Other Conditions & Exposures

Expert reports about Other Conditions & Exposures


INFORMATION FOR WOMEN HAVE A BONE FRACTURE DURING PREGNANCY OR BREASTFEEDING

 

What is a bone fracture?

A bone fracture is literally a crack in any bone in your body, but fractures range in severity, healing time, and in terms of the complications that can develop, depending on the shape and nature of the crack and where it’s located. A greenstick fracture, which occurs mostly in young bones (as in children), is a simple crack that does not go all the way through the bone, but the unbroken bone is bent. There also are linear fractures, consisting of a crack that runs along part of the bone, the long way, so it also does not go from one side to the other. There can be a transverse fracture, which is a crack going directly across the width of the bone, and an oblique fracture, which also runs across the bone width but at an angle. These types of fractures can occur without any shifting in the position between the parts of the bone on the two sides of the crack, in which case it is called a non-displaced fracture. A non-displaced fracture occurring outside of the joints (along the main length of the bone, for instance) is typically the simplest type of fracture to treat and heals the easiest. Fractures with more complex shapes, such as a spiral shape, fractures in which the separated parts of the bone are displaced (shifted with respect to one another), fractures in which the bones is splintered into several pieces (called comminuted fractures), and fractures inside a joint region (the area across the ends of two bones where various tendons and ligaments are attached, and often there is an enclosed cavity containing fluid) take longer and typically require more effort to heal. A fracture also is classified based on whether or not it is a compound (also called “open”) fracture, which means that the broken bone pushes out through the skin, and whether or not it is reducible, meaning that any displaced parts of the bones can be put back into place and will stay in place, without surgery and the use of “hardware”, such as screws and plates.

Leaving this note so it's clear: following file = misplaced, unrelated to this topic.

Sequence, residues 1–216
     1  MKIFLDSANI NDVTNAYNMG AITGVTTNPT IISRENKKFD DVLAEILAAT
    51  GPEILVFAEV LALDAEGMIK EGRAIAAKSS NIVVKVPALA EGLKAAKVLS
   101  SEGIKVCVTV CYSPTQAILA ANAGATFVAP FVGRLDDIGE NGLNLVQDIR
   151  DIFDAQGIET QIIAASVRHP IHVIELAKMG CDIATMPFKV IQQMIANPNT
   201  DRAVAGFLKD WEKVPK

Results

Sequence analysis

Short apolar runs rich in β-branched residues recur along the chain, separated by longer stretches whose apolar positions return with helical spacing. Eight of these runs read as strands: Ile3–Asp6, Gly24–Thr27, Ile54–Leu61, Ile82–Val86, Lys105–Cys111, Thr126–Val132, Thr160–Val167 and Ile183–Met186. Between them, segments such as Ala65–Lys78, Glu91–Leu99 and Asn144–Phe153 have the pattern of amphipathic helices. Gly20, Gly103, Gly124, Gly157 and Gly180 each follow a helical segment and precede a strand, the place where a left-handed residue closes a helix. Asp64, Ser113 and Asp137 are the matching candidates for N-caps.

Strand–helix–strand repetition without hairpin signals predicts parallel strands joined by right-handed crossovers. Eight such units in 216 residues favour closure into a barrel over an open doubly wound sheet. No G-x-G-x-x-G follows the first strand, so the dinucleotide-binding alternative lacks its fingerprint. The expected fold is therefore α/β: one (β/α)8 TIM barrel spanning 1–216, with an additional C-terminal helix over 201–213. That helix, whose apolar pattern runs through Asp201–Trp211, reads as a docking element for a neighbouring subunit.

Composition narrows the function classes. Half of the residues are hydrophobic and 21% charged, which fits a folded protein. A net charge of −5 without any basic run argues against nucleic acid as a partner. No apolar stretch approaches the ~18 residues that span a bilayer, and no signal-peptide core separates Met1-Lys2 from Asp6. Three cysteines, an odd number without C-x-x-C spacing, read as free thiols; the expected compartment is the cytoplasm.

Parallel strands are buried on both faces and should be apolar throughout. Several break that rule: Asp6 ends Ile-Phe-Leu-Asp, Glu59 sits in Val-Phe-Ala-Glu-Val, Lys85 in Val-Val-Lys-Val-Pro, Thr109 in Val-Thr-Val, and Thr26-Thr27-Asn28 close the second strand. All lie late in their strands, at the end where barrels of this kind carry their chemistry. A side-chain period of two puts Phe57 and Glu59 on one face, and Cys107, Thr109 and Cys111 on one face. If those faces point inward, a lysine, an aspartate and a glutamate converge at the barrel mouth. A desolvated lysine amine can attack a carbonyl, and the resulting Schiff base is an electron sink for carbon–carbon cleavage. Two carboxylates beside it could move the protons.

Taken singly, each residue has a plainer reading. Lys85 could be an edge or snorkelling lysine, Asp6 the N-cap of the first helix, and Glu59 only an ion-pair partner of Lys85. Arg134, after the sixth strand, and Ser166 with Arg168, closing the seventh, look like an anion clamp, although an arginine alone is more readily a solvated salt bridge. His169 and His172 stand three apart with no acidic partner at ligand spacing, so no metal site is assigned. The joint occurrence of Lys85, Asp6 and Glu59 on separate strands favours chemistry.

TO READ THE FULL REPORT

Join Pregistry to access the information you need at no cost to you

Join Pregistry